Journal of Chemical Ecology

, Volume 39, Issue 4, pp 507–515 | Cite as

Direct and Indirect Plant Defenses are not Suppressed by Endosymbionts of a Specialist Root Herbivore

  • Christelle A. M. Robert
  • Daniel L. Frank
  • Kristen A. Leach
  • Ted C. J. Turlings
  • Bruce E. Hibbard
  • Matthias Erb


Insect endosymbionts influence many important metabolic and developmental processes of their host. It has been speculated that they may also help to manipulate and suppress plant defenses to the benefit of herbivores. Recently, endosymbionts of the root herbivore Diabrotica virgifera virgifera have been reported to suppress the induction of defensive transcripts in maize roots, which may explain the finding of another study that once attacked plants become more susceptible to subsequent D. v. virgifera attack. To test this hypothesis, we cured D. v. virgifera from its major endosymbiont Wolbachia and tested whether endosymbiont-free individuals elicit different defense responses in maize roots. The presence of Wolbachia did not alter the induction of defense marker genes and resistance in a susceptible maize hybrid and a resistant line. Furthermore, attacked maize plants emitted the same amount of (E)-β-caryophyllene, a volatile signal that serves as foraging cue for both entomopathogenic nematodes and D. v. virgifera. Finally, the effectiveness of the entomopathogenic nematode Heterorhabditis bacteriophora to infest D. v. virgifera was not changed by curing the larvae from their endosymbionts. These results show that the defense mechanisms of maize are not affected by Wolbachia. Consequently, D. v. virgifera does not seem to derive any plant-defense mediated benefits from its major endosymbiont.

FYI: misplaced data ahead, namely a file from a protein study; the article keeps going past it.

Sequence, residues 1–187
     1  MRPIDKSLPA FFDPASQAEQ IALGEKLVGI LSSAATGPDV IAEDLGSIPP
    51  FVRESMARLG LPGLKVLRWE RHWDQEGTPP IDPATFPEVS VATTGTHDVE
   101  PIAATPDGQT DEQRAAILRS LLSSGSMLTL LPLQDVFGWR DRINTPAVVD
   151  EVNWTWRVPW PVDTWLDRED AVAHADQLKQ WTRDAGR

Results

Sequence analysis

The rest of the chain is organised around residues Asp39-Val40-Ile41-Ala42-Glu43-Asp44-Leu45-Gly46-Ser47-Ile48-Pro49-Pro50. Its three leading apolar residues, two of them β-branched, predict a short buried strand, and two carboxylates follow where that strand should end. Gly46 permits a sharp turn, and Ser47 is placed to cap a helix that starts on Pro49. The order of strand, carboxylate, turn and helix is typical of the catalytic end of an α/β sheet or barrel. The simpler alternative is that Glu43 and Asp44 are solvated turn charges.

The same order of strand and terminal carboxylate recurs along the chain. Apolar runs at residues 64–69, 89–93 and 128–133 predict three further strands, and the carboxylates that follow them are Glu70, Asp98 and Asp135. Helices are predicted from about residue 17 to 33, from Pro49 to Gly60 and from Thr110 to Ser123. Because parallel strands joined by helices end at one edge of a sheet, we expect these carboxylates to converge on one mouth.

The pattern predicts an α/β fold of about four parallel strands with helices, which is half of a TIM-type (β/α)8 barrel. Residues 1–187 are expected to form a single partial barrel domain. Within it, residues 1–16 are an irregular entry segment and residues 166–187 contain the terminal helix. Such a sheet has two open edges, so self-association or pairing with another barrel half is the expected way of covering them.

Diabrotica virgifera Zea mays Wolbachia Plant defense Suppression Entomopathogenic nematodes 



The work of C.A.M.R. is supported by a Swiss National Foundation Fellowship (grant no. 140196). The research activities of M.E. were supported by a Marie Curie Intra European Fellowship (grant no. 273107). We thank Xavier Cambet-Petit-Jean for technical assistance. Abbie Ferrieri, Martin Kaltenpoth, and two anonymous reviewers provided helpful comments on an earlier version of this manuscript.


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Copyright information

© Springer Science+Business Media New York 2013

Authors and Affiliations

  • Christelle A. M. Robert
    • 1
    • 2
  • Daniel L. Frank
    • 3
  • Kristen A. Leach
    • 4
  • Ted C. J. Turlings
    • 1
  • Bruce E. Hibbard
    • 5
  • Matthias Erb
    • 2
  1. 1.Laboratory for Fundamental and Applied Research in Chemical Ecology (FARCE)University of NeuchâtelNeuchâtelSwitzerland
  2. 2.Root-Herbivore Interactions GroupMax-Planck Institute for Chemical EcologyJenaGermany
  3. 3.Extension Service, Agriculture and Natural Resources Unit, West Virginia UniversityMorgantownUSA
  4. 4.Division of Biological SciencesUniversity of MissouriColumbiaUSA
  5. 5.Plant Genetics Research UnitUSDA-ARSColumbiaUSA

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